Sacrifices Must Be Made in The Rings of Power Finale, “Alloyed” |

Sacrifices Must Be Made in The Rings of Power Finale, “Alloyed”

Well my dear Harfoots and elf-friends, we have made it to Episode Eight, and the season finale of The Rings of Power. “Alloyed” is a bit all over the place, which is par for the course with this show. It does tie up some storylines while leaving others tantalizingly hanging, and we finally get the reveal we’ve been waiting all this time for—which one of these people is really Sauron.


The Stranger walks into the Greenwood, where he sees a figure that looks like Nori which transforms into the Dweller. The Ascetic and the Nomad appear, and the three bow to him, calling him Sauron.

In Eregion, Celebrimbor wishes they could find a way to save the elves with the one nugget of mithril. Elrond tells him that they must accept their failure and prepare to leave Middle-earth. Galadriel arrives, shocking Elrond, and asks Celebrimbor if he can save Halbrand. Galadriel and Elrond fill each other in on their respective stories, and Elrond apologizes for not trusting her, promising not to make that mistake again. She admits that she leapt from the ship because she did not feel worthy of going to Valinor, and tells him that neither of them will allow themselves to drown now—they will keep swimming. Once healed, Halbrand comes to Celebrimbor’s workshop, and advises him on combining the mithril with other ores in ways that will strengthen its power.

Eärien, along with some of the other apprentice craftspeople, is given the opportunity to sketch the dying king of Númenor and propose a design for his tomb. While she is sitting with him he wakes, mistaking her for Míriel. He tells her that Númenor must return to the old ways or be destroyed. He urges her to go up into the tower where she uncovers the palantír.

Celebrimbor tells Gil-Galad of his plan to forge a crown using the mithril nugget, using the circular form to have the power build upon itself. As he speaks, Galadriel recognizes some of the words as ones Adar spoke when telling her of Sauron’s work. Celebrimbor seems confused by her questioning of him. Gil-Galad tells them that this plan has come too late to save the elves, and orders them to prepare to leave, but Elrond convinces the High King to leave them behind to try for three months to make the plan work.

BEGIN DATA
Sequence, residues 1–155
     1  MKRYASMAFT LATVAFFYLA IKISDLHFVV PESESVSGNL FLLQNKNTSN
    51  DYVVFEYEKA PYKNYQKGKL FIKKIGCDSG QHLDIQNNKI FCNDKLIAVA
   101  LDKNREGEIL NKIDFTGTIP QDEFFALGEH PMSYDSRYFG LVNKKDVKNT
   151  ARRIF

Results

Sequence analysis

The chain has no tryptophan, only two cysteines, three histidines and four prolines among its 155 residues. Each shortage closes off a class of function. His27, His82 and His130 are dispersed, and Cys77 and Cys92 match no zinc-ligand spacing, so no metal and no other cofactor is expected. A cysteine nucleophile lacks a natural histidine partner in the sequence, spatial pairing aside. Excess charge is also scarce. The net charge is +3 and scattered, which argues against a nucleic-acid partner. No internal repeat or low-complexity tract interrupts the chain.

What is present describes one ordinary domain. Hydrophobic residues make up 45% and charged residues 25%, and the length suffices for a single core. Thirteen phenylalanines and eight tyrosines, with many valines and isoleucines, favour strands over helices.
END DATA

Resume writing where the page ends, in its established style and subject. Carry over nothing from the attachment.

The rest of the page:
In the Greenwood, the three mystics tell the Stranger that his memories will return as his power grows. They tell him he will find the stars he seeks far to the east, in Rhûn. They put him to sleep and bind him, since he cannot yet control his powers. Sadoc, Nori, Poppy, and Marigold see two of the three tying the Stranger up. As Marigold leads the captors away, the others sneak in to rescue the Stranger. When they get close, however, the Stranger transforms back into the Dweller. Sadoc is stabbed trying to help Nori escape as Marigold discovers the real Stranger lying in the woods.

The Stranger fights the three, but the Dweller overpowers him. The Harfoots attack her from the trees and bushes, throwing rocks, and Nori steals her staff. She brings it to the Stranger, who tells her he will only hurt her, but she insists that he can choose who to be, and that he is there to help. Just as the Dweller is about to kill Sadoc, Marigold, and Poppy, the Stranger uses the staff to stop her. The three realize that he is not Sauron, but “the Other, the Istar.” He destroys them, and the staff at the same time. The Harfoots celebrate, then realize that Sadoc is dying. They all sit with him to watch the sun come up.

On the ship, Míriel and Elendil discuss the price of sacrifice, and affirm their commitment to what must be done, and to each other. As they enter the Númenórean harbor, Elendil sees that there are mourning flags flying.

Galadriel confronts Halbrand. Realizing that he is Sauron, she attacks him, only to be thrown into her own mindscape. There, her brother Finrod tells her that she has nearly completed his work of bringing peace to Middle-earth. When she denies the vision she finds herself on the raft with Halbrand. He talks of how Morgoth’s death freed him, how he dreams of making up for the damage he did while serving Morgoth by uniting Middle-earth again. He offers to make her his queen, telling her that she will bind him to the light and he will bind her to power. Galdriel rejects him again and finds herself drowning in the sea. Suddenly, Elrond wakes her and she finds herself instead in the river in Eregion.

Lord of the Rings: Rings of Power, season 1, episode 8, Alloyed, Morfydd Clark (Galadriel), Charles Edwards (Celebrimbor)

Image: Prime Video

She tells Elrond and Celebrimbor that Halbrand has gone and they must never treat with him again, but provides no further details. She asks Elrond to keep his promise to trust her, and tells them that they must make three rings, not one, because one will corrupt, and two will divide, but three will keep balance. Celebrimor tells her that they need Finrod’s knife—only gold and silver from Valinor will work with the mithril.

The Harfoots prepare to travel, but Nori’s family tells her that she is part of something bigger now, and that she belongs out in the world. They urge her to take care of the Stranger, and everyone shares tearful goodbyes. Poppy and Nori remind each other of their friendship and promise to see each other again. Nori asks the Stranger which way to Rhûn, and he picks a direction.